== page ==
Urban Design Studio B

Subject ABPL90273 (2013)

Note: This is an archived Handbook entry from 2013.

Credit Points: 25
Level: 9 (Graduate/Postgraduate)
Dates & Locations:

This subject is not offered in 2013.

Time Commitment: Contact Hours: 6 hours of studio per week.
Total Time Commitment:

Estimated total time commitment 20-25 hours per week (including studio time of 6 hours).


Admission to the Master of Urban Design (MC-URBDES) plus

Study Period Commencement:
Credit Points:
Corequisites: None
Recommended Background Knowledge: None
Non Allowed Subjects: None
Core Participation Requirements:

For the purposes of considering request for Reasonable Adjustments under the Disability Standards for Education (Cwth 2005), and Student Support and Engagement Policy, academic requirements for this subject are articulated in the Subject Overview, Learning Outcomes, Assessment and Generic Skills sections of this entry.

It is University policy to take all reasonable steps to minimise the impact of disability upon academic study, and reasonable adjustments will be made to enhance a student's participation in the University's programs. Students who feel their disability may impact on meeting the requirements of this subject are encouraged to discuss this matter with a Faculty Student Adviser and Student Equity and Disability Support: http://services.unimelb.edu.au/disability


Justyna Karakiewicz

Subject Overview:

This subject touches on a range of urban design issues and design approaches including:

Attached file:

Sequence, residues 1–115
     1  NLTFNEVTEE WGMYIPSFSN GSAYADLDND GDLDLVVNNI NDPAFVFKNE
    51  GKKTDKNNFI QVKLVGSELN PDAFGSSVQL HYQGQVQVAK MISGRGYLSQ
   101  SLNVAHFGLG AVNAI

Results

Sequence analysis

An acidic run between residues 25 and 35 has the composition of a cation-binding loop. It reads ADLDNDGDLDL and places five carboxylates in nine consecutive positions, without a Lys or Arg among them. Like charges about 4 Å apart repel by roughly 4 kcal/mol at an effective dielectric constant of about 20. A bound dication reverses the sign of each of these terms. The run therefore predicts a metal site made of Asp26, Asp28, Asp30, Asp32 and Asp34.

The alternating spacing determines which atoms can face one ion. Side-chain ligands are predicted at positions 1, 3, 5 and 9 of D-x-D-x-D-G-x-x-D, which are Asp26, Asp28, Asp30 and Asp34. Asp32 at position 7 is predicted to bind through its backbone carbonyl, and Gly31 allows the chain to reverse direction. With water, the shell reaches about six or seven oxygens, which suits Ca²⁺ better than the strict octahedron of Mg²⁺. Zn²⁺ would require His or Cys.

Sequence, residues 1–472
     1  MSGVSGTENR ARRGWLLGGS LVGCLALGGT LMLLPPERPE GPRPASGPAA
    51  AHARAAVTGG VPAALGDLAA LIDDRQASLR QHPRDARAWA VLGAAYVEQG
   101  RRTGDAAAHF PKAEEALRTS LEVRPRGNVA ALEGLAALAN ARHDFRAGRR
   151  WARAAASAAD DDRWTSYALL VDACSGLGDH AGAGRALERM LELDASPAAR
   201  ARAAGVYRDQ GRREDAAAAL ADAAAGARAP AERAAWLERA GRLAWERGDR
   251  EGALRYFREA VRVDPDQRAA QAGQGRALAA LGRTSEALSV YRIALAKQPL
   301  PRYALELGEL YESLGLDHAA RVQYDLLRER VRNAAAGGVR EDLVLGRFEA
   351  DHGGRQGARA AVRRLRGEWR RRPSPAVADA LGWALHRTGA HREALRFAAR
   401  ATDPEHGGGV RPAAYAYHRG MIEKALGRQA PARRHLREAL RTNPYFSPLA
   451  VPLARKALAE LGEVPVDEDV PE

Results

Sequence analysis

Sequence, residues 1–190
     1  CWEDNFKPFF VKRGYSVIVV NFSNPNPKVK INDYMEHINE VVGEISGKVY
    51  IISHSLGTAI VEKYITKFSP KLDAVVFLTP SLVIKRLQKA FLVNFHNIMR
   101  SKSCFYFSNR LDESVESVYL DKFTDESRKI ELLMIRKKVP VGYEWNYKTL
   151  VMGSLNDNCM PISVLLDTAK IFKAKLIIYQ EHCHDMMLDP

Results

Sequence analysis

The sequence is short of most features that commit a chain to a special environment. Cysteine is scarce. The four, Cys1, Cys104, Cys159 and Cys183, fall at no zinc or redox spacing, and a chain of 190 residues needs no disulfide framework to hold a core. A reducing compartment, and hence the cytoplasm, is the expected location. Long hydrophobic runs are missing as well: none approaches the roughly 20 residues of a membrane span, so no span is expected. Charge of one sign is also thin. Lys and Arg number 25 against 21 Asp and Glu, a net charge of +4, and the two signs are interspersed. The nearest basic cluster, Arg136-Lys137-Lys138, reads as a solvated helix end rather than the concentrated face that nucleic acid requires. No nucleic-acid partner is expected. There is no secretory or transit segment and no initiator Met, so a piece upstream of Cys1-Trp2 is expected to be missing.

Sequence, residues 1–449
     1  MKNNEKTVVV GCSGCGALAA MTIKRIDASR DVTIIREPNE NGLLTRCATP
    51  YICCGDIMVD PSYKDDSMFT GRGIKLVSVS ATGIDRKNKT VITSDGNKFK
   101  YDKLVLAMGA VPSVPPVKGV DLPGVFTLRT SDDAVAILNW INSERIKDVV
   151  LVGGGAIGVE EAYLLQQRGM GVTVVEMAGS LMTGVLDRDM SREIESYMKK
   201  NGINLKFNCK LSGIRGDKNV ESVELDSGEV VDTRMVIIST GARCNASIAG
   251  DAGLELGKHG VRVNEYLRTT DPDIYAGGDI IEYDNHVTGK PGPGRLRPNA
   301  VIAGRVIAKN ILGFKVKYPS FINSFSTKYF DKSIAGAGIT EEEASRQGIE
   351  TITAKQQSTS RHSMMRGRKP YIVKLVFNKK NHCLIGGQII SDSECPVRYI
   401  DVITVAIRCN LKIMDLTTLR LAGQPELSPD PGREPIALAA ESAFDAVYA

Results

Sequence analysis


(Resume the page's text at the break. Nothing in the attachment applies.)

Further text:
• the scope, opportunities, complexities and responsibilities of urban design,
  • urban design issues, elements and systems,
  • analytical and design skills for generating and testing alternative approaches to the urban design development of specific sites,
  • the role of urban design within a given spatial, social, economic and political context.

Students will undertake a series of studio-based design esquisses or exercises leading to a major exploratory urban design proposition. Their design proposition will investigate one or more key urban design issues or approaches in depth.

  1. To place urban design within a complex four-dimensional social matrix of economic, environmental, political and cultural forces.
  2. To engage in a complex area of the metropolis and to analyse the urban fabric and represent this analysis in a clear graphic language at a range of scales.
  3. To show in-depth urban spatial thinking that ranges from the scale of the street to the scale of the metropolis.
  4. To explore new urban design theories and to test their effectiveness in positively intervening with the contemporary metropolis.
  5. To investigate contemporary multi-disciplinary theories of form, space, order and aesthetics, and to test their relevance for contemporary urban design practice. To explore ways of representing the city two dimensionally, three dimensionally, four dimensionally (with time) and potentially fifth dimensionally (alternate future realities).
  6. To introduce students to design as a form of research. To be able to identify an urban design problem or challenge; set out a design approach or method, test their approach with rigor to put forward an urban design proposition; and draw conclusions identifying weakness and strengths of their approach.

Learning Outcomes

At the end of semester students will demonstrate the following abilities:

  • Theoretical Position: Position their urban design proposition within an historical, social and theoretical context.